On the front half of the plastic shell, measure and mark a point to drill near the base and centered below the display. Protect the surface around the hole area with electrical tape, in case your drill skips away from its proper destination.
Find a drill bit that’s a bit thinner than your multi-conductor cable and drill the hole.
NOTE: This is the riskiest part of the work: drilling holes for the cable through the clock’s case. (I see some vintage collectors out there raising their hands in objection.)
Widen the hole with the round file. Keep widening slowly until the cable can just go through the hole with a bit of pressure. We don’t want a hole bigger than the cable.
Drill and widen a second hole in the plastic shell about 1" to the left and slightly back from the first hole, in the interior wall that holds the battery case (see picture below right). The cable will enter the first hole and make a sharp left turn into this hidden hole as it routes its wires around to the back of the clock.
If you aren’t modding a Panasonic RC-70, don’t worry, because almost 99% of digital clocks work the same way. Just remember that each button has 2 connections, which come into contact with each other when you press the button. You want to extend these connections so that, instead of closing the circuit with the button, you’ll be using the light gun.
Find the buttons that control the essential functions: set time and alarm (hours and minutes), and alarm off. The RC-70 uses just 3 buttons for these: Alarm, Hour, and Minute. The Alarm button does double duty, shutting off the alarm and switching the Hour and Minute buttons from “time-set mode” (the default) to “alarm-set.” Some clock radios use a switch instead of a button to change between time-set and alarm-set modes.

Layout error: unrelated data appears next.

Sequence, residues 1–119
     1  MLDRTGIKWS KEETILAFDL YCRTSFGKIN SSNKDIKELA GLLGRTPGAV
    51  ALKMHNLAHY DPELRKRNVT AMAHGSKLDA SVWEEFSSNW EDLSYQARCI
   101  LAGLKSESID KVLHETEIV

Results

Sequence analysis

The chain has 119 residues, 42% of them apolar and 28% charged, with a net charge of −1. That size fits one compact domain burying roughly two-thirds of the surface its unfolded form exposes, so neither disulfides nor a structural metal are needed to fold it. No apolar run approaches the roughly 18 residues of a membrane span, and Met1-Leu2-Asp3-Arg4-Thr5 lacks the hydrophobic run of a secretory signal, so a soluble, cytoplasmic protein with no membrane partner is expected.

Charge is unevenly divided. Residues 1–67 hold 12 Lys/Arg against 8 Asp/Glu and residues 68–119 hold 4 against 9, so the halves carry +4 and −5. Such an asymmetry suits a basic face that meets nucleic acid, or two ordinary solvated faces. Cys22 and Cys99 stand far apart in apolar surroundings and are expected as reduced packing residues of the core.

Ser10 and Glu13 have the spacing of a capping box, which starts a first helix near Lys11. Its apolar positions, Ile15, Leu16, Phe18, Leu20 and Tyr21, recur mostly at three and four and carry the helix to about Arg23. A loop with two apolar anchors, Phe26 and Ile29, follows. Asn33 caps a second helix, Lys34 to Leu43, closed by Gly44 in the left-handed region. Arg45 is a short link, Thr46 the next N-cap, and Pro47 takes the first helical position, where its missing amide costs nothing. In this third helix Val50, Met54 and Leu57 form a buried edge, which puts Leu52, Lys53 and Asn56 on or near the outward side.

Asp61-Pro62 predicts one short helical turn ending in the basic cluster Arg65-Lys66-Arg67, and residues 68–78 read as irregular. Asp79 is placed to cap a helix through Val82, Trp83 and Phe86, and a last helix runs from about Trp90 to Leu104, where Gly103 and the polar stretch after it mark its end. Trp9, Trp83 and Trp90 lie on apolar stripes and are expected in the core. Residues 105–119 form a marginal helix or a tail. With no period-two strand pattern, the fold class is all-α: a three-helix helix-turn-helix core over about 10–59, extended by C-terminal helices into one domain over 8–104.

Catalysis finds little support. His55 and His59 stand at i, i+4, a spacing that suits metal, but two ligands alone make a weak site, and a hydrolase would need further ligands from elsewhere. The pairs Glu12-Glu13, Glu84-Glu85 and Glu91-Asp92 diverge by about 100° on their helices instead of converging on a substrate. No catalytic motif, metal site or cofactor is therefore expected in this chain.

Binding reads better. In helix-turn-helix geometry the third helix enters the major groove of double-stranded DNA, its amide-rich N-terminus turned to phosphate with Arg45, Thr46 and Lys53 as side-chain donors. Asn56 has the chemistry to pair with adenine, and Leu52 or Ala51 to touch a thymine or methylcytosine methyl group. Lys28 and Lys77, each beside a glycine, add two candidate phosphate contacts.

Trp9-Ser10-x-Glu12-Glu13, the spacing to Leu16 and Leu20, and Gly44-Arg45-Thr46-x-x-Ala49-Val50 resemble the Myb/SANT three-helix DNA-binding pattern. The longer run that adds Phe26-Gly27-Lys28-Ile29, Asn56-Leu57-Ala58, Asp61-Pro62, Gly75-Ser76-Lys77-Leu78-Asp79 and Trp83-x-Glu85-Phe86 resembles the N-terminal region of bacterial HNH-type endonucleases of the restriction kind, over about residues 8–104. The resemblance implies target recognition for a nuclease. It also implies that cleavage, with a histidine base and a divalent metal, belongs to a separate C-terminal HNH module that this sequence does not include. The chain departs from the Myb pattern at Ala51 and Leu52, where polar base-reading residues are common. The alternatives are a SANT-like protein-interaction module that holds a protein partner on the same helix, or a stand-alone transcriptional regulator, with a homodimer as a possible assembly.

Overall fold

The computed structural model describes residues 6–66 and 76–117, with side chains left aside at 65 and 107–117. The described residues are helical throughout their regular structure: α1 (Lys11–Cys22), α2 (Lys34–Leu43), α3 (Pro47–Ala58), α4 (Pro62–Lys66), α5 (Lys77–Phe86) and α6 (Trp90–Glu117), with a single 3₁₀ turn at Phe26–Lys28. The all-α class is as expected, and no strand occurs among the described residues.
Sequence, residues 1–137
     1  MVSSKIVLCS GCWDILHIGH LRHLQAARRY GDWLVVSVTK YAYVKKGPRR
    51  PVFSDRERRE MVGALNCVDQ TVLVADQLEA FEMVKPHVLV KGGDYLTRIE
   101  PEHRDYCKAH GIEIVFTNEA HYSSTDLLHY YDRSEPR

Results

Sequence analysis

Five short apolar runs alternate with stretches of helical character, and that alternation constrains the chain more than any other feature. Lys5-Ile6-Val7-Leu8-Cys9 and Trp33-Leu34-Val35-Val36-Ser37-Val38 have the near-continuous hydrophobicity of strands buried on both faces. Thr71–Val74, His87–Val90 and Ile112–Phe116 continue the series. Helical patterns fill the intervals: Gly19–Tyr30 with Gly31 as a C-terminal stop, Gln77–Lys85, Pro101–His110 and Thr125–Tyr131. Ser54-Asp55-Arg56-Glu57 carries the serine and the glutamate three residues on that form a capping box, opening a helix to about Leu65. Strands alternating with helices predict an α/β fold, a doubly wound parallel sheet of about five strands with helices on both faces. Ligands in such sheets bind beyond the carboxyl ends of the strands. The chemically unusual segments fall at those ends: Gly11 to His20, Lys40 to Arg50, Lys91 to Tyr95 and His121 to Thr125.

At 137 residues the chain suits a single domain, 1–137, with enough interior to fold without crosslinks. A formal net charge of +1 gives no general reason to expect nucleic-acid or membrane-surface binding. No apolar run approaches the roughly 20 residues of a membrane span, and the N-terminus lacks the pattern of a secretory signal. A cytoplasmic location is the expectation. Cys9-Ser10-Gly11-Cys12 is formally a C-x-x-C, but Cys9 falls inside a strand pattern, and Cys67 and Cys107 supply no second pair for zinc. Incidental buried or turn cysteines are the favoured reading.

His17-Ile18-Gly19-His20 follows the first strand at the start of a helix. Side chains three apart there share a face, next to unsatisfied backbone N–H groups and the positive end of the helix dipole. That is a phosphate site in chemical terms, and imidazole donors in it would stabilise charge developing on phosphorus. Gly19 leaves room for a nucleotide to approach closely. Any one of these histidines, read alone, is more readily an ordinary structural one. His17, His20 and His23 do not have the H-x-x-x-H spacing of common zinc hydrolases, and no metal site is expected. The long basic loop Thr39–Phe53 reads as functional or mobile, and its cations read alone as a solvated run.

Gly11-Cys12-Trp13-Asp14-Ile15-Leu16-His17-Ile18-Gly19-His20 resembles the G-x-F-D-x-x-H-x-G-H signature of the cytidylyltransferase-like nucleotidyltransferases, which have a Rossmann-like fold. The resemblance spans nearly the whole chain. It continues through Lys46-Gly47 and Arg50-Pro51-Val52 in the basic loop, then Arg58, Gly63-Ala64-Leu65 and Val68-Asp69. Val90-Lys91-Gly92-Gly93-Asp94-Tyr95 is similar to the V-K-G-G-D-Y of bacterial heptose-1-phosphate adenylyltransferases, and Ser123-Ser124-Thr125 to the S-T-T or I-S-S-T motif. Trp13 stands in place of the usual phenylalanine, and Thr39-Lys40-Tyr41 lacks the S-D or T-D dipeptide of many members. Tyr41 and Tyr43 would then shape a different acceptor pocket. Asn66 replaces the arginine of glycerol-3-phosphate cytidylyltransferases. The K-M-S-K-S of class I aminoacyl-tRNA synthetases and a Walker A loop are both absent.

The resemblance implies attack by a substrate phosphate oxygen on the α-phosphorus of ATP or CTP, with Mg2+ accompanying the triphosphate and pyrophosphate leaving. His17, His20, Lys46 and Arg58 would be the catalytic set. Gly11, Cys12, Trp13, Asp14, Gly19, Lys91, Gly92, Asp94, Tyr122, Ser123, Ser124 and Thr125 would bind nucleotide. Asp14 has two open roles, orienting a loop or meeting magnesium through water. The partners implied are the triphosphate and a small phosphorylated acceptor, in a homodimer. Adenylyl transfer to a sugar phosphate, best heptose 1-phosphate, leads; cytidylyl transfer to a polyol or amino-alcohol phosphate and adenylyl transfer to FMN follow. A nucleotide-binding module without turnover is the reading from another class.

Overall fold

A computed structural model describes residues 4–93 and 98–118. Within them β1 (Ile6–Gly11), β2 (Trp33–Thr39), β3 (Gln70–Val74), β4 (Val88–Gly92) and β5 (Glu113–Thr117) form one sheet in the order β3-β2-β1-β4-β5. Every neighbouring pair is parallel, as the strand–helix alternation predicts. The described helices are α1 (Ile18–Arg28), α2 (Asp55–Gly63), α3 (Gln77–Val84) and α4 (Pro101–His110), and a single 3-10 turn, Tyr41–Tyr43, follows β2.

Locate the essential buttons’ contacts, 2 per button, and use a multimeter to follow each of them out to a solderable connection point. With the RC-70, all 3 buttons shared a common ground, so I needed to find a total of 4 connection points.
Solder wires from your cable to the contact points, using the color coding to track what goes where. Following convention, I connected the cable’s black wire to the shared ground, and designated colors for the 3 button-specific connections.
Organize and fix all the color cables between the free spaces of the clock. Trim extraneous cables to get them out of the way. Avoid placing cables near parts that get warm, such as the power converter.
Reassemble the clock and screw it back together.
Test the clock by plugging it in and touching together the other ends of the cable wires you just soldered. Confirm that bridging the wires mimics the functions of the buttons you connected them to. If you didn’t make any big mistakes, everything should work! Don’t worry about touching the wires with your fingers, because the current going through them is very low. Once it’s working, unplug it again.
Take the light gun apart, and clean and shine it up the way you did with the clock radio.
Cut a rectangle of perfboard that’s big enough to carry the 5 tilt switches flat, but narrow enough to fit facing backward inside the handle. For my Sinclair Magnum, my board was about ⅝"×2⅜".
If your clock radio is an RC-70 or work-alike, arrange the tilt switches on the perfboard as shown. Leave some extra room around each switch to let you bend and fine-tune their positions later.
Following the wiring diagram solder the tilt switches into place and connect them to the cable wires. Don’t worry about which sides you connect; the switches are functionally symmetrical.
Connect the ground to each sensor section and route it through the trigger switch contacts in the gun. To make my circuit more readable, I routed all wiring from the cable and trigger through the front of the board, at the edges. I also split 1 ground coming from the trigger and connected it in 2 places.
Use poster putty to hold the tilt circuit in position inside the gun-half with the trigger. Plug in the clock radio, and test the interface by tilting and firing. Experiment with different firing angles, and bend the tilt switches around to refine their operation.
When the tilt switches work together properly, glue them in place, and then glue the circuit board into the gun handle. Re-assemble the gun.
Set the time, set the alarm to +1 minute, wait a minute, and FIRE!